This is national tourism week in Canada. "The tourism sector is one of the strongest sectors in Peterborough & the Kawarthas and until Covid-19 the sector was thriving," says Tracie Bertrand, Director of Tourism, Peterborough & the Kawarthas Tourism. " We enjoy the benefits of having a mid-sized city, while also being a sought after rural destination in Ontario. While all businesses have been experiencing unprecedented challenges, we know that seasonal businesses rely heavily on the visitor economy from May to October to provide revenue and are uniquely affected during this pandemic due to the timing. Peterborough & the Kawarthas welcomes approximately 3 million visitors each year who spend over $300 million in our communities. The visitor economy is critical to the health of our local economy."
The COVID-19 pandemic has had a significant impact on tourism activities and Ontario will continue to be under emergency orders until at least June 9, 2020.
We are learning and accepting new guidelines for retail, construction, agriculture, and the tourism sector is also developing guidelines, some of which can be found on our website peterboroughchamber.ca/business-resources-for-recovery.html
Recently, the Ontario Chamber of Commerce (OCC) held a webinar with the Travel Industry Association of Ontario (TIAO), the Anishnawbe Business Professional Association and Great Wolf Lodge. Each group talked about the challenges faced including the short Canadian season for summer tourism, labour shortages now and in the future, and concern about how these businesses fit into the current slate of government programs.
But beyond the challenges there is still a great desire to work together with government to ensure the recovery of the sector, just as happened after 9/11 and SARS.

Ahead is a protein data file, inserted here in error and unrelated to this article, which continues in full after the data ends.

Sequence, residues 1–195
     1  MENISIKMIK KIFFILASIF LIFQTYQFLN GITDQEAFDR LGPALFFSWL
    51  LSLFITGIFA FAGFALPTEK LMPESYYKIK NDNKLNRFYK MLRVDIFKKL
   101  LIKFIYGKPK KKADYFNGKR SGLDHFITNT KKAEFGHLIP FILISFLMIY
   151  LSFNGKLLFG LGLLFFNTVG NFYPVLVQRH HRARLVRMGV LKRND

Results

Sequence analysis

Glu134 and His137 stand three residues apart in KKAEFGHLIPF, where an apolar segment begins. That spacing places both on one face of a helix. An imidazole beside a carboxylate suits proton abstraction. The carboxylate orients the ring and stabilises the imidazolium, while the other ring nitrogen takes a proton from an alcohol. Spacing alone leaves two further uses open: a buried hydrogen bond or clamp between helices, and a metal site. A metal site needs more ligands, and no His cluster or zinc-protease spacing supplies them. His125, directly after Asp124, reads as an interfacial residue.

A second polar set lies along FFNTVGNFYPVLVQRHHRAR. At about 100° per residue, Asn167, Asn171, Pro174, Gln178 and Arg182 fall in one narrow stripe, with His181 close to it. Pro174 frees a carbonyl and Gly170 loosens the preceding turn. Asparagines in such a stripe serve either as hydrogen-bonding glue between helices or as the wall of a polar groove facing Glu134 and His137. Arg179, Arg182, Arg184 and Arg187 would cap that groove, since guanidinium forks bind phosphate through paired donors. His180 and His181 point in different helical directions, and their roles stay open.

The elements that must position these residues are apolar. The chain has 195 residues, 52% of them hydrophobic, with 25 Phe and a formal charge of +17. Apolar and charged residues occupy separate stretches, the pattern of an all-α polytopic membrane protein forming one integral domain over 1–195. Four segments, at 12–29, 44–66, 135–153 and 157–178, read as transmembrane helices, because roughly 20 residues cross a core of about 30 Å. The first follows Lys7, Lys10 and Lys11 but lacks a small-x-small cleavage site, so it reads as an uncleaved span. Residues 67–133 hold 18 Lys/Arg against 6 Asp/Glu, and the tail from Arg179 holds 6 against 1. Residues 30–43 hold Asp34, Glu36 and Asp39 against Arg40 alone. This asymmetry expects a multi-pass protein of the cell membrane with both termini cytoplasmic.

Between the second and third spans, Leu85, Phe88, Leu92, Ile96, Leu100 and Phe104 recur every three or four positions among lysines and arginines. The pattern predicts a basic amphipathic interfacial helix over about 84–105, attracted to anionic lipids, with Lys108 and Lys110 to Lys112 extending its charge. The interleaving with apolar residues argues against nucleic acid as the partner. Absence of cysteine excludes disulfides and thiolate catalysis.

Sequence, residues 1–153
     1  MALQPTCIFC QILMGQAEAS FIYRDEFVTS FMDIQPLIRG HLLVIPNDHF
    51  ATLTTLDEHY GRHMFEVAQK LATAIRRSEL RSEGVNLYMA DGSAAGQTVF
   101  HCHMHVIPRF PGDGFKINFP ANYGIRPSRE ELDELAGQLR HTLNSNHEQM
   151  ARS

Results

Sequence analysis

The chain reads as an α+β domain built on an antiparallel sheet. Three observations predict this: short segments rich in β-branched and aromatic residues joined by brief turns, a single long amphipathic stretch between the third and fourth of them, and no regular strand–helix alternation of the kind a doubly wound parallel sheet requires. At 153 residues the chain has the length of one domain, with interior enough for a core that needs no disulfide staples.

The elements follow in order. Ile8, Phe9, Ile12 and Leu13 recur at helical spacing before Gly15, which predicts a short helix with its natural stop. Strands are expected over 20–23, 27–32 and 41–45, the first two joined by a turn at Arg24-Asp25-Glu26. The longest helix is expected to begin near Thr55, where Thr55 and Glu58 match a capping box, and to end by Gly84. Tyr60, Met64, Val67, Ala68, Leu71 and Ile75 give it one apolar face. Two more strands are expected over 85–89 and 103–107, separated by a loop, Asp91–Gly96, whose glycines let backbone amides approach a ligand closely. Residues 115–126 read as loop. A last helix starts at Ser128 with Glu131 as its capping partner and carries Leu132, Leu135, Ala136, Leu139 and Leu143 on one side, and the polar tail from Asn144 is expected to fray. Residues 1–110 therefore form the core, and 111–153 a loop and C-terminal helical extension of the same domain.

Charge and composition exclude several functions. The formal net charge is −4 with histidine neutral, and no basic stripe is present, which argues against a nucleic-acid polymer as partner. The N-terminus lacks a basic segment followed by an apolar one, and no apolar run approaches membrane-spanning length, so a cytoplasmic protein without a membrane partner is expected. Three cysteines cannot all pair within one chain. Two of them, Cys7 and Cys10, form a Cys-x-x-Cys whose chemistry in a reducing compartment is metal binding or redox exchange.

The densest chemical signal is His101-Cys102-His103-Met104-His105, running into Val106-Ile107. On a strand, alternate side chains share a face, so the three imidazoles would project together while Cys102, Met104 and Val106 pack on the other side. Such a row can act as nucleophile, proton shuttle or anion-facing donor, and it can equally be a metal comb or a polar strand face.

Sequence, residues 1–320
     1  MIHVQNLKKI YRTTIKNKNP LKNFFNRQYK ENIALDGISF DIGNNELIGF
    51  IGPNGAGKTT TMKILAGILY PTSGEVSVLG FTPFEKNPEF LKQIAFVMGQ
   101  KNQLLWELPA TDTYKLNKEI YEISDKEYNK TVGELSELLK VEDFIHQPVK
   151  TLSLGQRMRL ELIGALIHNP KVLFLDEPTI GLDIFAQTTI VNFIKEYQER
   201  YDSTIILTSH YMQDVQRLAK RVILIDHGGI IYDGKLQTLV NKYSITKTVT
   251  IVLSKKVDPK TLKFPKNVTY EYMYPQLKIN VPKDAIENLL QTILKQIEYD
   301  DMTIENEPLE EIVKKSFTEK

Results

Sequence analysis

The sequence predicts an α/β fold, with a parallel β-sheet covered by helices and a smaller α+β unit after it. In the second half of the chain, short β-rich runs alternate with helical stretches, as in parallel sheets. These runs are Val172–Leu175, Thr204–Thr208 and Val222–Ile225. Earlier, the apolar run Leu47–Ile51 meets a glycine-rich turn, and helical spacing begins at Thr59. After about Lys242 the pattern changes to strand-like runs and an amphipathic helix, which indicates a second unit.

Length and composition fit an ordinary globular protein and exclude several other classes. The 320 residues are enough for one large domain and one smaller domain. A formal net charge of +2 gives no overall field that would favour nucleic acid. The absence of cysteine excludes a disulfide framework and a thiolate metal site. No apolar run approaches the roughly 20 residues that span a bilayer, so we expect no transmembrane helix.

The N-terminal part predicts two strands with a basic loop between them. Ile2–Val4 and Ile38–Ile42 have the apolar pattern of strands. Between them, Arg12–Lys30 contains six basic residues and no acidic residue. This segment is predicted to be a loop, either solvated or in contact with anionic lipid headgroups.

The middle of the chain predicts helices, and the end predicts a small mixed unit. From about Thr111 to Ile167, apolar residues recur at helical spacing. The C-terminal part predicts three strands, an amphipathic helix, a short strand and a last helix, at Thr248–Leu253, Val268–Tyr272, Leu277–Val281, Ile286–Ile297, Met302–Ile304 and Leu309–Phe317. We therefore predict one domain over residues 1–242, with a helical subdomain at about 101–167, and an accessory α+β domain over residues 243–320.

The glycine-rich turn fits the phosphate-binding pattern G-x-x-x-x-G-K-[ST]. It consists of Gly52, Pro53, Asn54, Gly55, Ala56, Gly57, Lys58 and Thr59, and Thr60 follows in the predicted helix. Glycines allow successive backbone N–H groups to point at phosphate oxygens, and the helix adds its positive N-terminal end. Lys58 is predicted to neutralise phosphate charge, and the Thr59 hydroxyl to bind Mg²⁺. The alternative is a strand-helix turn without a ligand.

The Canadian Chamber of Commerce recently partnered with 11 other tourism and business associations to issue five suggestions to the federal government:
The letter goes on to say:
“The highly restrictive measures in place today are not sustainable. Like the government, we want to avoid a second wave of the virus and are certain reasonable measures can be taken to help mitigate risk. It is possible to achieve these same goals with targeted, carefully considered measures.
Canadians are justifiably contemplating travel this summer but remain uncertain about the end-to-end travel experience, with confusion about border restrictions, travel advisories, quarantine rules as well as rules at airports, hotels, and on airplanes. Some clarity and consistency in this regard will be key to any hope that the summer tourism season can be salvaged.”
The notion of confusion and lack of clarity was echoed in the OCC webinar as there are still a lot of unknowns.
As parks and historic sites such as the Trent Severn Waterway (June1, 2020) continue to open, albeit with limited access and strict guidelines, the need for clarity will only continue to grow.
We encourage the government to consider the suggestions and work with the tourism industry to
ensure its continued viability.